'There is still a stigma around dyslexia': Parent and author Malcolm Duffy explores the topic in his latest book for children

Published on: 03 May 2022 Author: Alex Strick

Malcolm Duffy talks about his oldest daughter's diagnosis of dyslexia in secondary school, and why the condition is at the forefront of the prize-winning author's third novel, Read Between the Lies

Illustration by Emily Rowland

There’s a clear sense that this is a book written by someone with a deep-rooted knowledge of dyslexia – can you tell us about your own experience?

My eldest daughter, Tallulah, was diagnosed with dyslexia at the start of secondary school. She’d always had an issue with processing, and her writing wasn’t great, but we had no idea she was dyslexic until she was properly assessed.

I was also fortunate enough to be asked to write a short film about dyslexia, telling the amazing true story of Pat and Mike Jones. Mike had been thrown out of several schools for being violent, disruptive, and poor in class, but his Mum knew that Mike was bright. She set about developing her own techniques to help Mike read and write. He went on to become a top pupil, and he and Pat set up Nessy, the online learning platform for dyslexics across the world.

I learned so much about dyslexia from Pat and Mike.

You balance the dyslexia aspect of the book very well, to ensure it doesn’t overshadow other elements of the plot – presumably this was important?

Yes, writing is all about balance. Dyslexia is at the heart of the novel, but there are other elements to the story too that need to be told. When I do my re-writes, I make sure the story flows, and that all the plot lines are complementing each other.

Can you share any key tips or strategies you have learnt about managing dyslexia either through your existing experience or your wider research for the book?

The number one tip is to be assessed for dyslexia by an expert. The earlier this happens with a child the better. But even adults, who have struggled with dyslexia from many years, can still be taught to read and write.

Nessy is a great starting point. But there are many great experts and organizations out there who can help.

Dyslexia comes in so many shapes and sizes that there’s no one-size-fits-all solution. For my daughter, as she struggled to write, learning to touch type was a real game changer.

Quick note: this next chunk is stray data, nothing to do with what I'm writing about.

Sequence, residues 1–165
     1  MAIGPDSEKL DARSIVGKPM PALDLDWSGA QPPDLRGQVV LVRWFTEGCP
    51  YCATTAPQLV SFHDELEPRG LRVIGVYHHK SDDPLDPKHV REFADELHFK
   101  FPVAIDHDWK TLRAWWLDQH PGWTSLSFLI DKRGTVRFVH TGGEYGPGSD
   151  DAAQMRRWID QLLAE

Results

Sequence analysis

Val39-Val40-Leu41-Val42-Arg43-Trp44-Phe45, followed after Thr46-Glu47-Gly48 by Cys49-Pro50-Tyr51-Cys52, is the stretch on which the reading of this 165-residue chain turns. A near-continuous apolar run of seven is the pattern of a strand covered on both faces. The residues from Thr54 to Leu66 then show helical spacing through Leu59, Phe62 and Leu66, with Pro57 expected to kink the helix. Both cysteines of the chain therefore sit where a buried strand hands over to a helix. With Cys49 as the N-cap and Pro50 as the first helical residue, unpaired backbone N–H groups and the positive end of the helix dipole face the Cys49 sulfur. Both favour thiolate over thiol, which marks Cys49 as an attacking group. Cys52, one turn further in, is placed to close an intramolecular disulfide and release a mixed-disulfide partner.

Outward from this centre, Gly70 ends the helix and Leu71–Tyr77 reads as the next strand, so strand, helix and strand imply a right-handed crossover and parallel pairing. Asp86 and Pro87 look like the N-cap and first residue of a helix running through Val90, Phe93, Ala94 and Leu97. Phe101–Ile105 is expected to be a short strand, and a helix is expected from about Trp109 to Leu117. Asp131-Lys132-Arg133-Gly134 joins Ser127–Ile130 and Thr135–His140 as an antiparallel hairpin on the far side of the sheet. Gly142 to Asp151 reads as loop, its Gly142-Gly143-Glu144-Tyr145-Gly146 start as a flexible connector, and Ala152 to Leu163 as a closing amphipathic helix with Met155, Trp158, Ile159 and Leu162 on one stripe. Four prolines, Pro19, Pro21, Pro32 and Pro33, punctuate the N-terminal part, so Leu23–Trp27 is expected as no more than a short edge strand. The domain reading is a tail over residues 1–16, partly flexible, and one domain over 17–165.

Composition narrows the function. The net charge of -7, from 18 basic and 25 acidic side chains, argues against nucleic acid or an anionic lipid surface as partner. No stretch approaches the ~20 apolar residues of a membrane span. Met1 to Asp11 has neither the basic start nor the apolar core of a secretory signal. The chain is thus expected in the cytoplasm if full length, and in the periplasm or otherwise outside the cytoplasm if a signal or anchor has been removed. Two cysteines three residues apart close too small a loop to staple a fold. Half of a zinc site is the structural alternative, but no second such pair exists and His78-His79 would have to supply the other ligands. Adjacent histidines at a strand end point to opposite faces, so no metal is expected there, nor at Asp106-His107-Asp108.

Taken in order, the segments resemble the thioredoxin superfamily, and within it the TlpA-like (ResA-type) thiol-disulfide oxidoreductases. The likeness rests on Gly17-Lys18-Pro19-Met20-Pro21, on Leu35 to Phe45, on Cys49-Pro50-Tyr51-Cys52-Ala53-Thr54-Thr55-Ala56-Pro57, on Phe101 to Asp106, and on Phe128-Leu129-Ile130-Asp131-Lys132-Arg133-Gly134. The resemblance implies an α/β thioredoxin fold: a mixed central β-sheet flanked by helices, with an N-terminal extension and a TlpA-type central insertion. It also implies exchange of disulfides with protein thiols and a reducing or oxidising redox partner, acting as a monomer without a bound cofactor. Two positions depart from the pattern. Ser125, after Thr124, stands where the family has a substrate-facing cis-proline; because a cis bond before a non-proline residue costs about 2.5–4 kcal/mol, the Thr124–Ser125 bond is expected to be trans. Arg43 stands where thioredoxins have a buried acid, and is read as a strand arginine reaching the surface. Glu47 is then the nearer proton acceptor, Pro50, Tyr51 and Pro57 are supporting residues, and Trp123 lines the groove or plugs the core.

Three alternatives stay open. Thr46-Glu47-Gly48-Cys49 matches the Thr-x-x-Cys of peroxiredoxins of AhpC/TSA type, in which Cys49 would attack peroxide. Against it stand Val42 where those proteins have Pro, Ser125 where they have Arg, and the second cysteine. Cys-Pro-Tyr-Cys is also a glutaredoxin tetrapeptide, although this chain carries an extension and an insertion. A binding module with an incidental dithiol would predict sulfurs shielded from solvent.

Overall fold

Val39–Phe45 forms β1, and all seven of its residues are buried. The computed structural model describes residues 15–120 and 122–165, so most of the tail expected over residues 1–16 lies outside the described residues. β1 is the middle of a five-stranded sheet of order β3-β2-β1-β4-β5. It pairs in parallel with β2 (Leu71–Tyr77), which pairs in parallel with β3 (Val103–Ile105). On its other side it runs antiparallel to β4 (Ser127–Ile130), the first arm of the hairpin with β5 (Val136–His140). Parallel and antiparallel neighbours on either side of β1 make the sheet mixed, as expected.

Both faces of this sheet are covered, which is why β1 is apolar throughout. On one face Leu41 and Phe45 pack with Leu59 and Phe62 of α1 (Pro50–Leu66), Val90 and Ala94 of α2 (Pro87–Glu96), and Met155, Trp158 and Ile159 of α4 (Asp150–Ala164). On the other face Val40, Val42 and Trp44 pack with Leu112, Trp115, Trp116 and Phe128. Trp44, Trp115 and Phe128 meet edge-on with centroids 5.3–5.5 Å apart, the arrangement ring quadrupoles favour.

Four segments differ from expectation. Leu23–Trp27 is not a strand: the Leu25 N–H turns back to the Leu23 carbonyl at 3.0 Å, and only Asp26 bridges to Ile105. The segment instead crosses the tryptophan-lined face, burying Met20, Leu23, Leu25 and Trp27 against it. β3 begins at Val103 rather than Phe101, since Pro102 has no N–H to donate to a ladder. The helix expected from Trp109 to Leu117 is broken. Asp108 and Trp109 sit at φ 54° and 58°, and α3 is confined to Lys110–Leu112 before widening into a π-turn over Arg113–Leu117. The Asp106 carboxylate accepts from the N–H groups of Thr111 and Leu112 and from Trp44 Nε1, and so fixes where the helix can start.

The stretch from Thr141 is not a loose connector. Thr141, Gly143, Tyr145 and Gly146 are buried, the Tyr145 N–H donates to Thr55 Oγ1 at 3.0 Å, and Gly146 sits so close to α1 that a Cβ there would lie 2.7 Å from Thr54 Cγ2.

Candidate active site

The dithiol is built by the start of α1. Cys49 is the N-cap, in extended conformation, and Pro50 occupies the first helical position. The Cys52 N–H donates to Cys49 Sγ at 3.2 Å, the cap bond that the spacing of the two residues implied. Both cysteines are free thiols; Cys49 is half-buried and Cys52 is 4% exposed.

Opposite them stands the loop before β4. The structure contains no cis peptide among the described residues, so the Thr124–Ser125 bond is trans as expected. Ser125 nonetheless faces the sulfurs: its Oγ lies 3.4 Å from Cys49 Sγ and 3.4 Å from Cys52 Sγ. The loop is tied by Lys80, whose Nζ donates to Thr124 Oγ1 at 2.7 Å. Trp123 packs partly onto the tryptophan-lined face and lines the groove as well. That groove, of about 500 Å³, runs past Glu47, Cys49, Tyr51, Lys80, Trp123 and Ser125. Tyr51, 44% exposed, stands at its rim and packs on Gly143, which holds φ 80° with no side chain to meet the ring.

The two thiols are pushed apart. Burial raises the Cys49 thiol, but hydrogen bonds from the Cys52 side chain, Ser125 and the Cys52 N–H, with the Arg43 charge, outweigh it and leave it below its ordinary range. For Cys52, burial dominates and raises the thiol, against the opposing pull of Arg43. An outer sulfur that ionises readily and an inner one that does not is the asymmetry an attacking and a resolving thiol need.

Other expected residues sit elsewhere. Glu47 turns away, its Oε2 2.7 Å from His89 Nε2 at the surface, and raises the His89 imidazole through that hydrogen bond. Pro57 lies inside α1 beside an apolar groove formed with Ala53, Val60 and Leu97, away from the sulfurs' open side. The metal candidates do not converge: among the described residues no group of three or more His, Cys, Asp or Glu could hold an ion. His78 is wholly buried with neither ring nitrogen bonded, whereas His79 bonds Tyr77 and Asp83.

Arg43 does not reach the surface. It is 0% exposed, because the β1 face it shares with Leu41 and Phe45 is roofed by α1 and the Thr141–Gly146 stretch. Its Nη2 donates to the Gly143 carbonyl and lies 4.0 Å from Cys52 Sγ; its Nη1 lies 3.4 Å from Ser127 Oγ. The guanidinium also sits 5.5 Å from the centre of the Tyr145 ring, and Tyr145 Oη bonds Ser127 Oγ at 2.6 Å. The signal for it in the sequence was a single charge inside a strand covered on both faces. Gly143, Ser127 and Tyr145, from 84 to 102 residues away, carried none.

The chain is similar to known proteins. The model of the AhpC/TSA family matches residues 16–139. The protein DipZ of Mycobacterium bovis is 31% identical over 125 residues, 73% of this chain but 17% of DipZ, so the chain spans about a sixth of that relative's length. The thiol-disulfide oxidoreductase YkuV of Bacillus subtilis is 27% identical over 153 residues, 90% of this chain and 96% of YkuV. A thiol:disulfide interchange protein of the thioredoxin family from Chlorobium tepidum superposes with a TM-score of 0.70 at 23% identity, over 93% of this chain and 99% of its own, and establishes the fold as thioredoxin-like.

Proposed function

If you struggle to read, it may help to listen to audio books. It will help you appreciate the sounds associated with different words, and is a stepping stone to becoming a better reader.

We see Tommy trying to hide his dyslexia and other characters revealing that they also struggle with the condition. Do you think there is still a sense of stigma associated with reading difficulties and what we can do to challenge this?

There is still a stigma based around dyslexia. Things are better than they once were, but there’s still a long way to go.

Schools should ensure all children are assessed at an early age. It seems to vary hugely from school to school. If a child is short-sighted, but not given glasses, it will have a huge impact on their ability to learn. The same approach needs to be taken with regards dyslexia. It is a learning difficulty that can’t be cured, but learning methods can be put in place to ensure every child or adult can read and write.

What messages about reading difficulties did you most want to get across to young readers and their families?

I’d like dyslexics to realise there is help available, and that dyslexia is no barrier to leading a successful, fulfilling life.
I’d like non-dyslexics to be more understanding of what it means to be dyslexic; to be kind, supportive, understanding.

Was it also important that this book was accessible to those who struggle with reading and what efforts did you make to try to make it so?

Yes, it’s really important. After discussion with dyslexia experts, we chose Verdana, a dyslexia-friendly font. We also ensured the type size wasn’t too small.

There will also be an audio version of the book, for those who may be struggling to read but still want to engage with a new, relevant story.


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